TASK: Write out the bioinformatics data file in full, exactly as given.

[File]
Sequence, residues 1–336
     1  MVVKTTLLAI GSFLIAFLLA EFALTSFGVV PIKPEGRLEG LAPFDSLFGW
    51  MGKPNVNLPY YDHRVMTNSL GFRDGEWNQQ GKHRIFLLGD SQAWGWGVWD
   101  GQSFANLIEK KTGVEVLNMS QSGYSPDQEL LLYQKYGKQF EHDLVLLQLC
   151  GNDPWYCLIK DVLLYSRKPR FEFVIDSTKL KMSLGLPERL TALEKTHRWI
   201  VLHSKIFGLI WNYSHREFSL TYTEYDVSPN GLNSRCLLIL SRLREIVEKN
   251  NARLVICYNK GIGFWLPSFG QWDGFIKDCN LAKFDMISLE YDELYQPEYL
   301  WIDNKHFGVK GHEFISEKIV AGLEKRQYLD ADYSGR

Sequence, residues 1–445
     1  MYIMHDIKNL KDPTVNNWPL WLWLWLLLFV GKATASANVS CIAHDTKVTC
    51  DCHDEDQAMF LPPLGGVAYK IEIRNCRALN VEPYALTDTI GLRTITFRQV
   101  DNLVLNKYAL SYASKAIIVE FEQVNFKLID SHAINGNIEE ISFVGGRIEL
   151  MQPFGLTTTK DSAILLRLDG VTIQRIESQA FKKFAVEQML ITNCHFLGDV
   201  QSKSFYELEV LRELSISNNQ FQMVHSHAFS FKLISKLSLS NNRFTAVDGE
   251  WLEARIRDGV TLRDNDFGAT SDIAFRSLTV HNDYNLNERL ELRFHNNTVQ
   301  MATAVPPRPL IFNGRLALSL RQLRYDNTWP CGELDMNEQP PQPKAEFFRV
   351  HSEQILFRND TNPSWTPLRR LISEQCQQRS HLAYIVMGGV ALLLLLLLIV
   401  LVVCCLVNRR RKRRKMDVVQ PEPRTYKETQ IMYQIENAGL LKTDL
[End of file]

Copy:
Sequence, residues 1–336
     1  MVVKTTLLAI GSFLIAFLLA EFALTSFGVV PIKPEGRLEG LAPFDSLFGW
    51  MGKPNVNLPY YDHRVMTNSL GFRDGEWNQQ GKHRIFLLGD SQAWGWGVWD
   101  GQSFANLIEK KTGVEVLNMS QSGYSPDQEL LLYQKYGKQF EHDLVLLQLC
   151  GNDPWYCLIK DVLLYSRKPR FEFVIDSTKL KMSLGLPERL TALEKTHRWI
   201  VLHSKIFGLI WNYSHREFSL TYTEYDVSPN GLNSRCLLIL SRLREIVEKN
   251  NARLVICYNK GIGFWLPSFG QWDGFIKDCN LAKFDMISLE YDELYQPEYL
   301  WIDNKHFGVK GHEFISEKIV AGLEKRQYLD ADYSGR

Sequence, residues 1–445
     1  MYIMHDIKNL KDPTVNNWPL WLWLWLLLFV GKATASANVS CIAHDTKVTC
    51  DCHDEDQAMF LPPLGGVAYK IEIRNCRALN VEPYALTDTI GLRTITFRQV
   101  DNLVLNKYAL SYASKAIIVE FEQVNFKLID SHAINGNIEE ISFVGGRIEL
   151  MQPFGLTTTK DSAILLRLDG VTIQRIESQA FKKFAVEQML ITNCHFLGDV
   201  QSKSFYELEV LRELSISNNQ FQMVHSHAFS FKLISKLSLS NNRFTAVDGE
   251  WLEARIRDGV TLRDNDFGAT SDIAFRSLTV HNDYNLNERL ELRFHNNTVQ
   301  MATAVPPRPL IFNGRLALSL RQLRYDNTWP CGELDMNEQP PQPKAEFFRV
   351  HSEQILFRND TNPSWTPLRR LISEQCQQRS HLAYIVMGGV ALLLLLLLIV
   401  LVVCCLVNRR RKRRKMDVVQ PEPRTYKETQ IMYQIENAGL LKTDL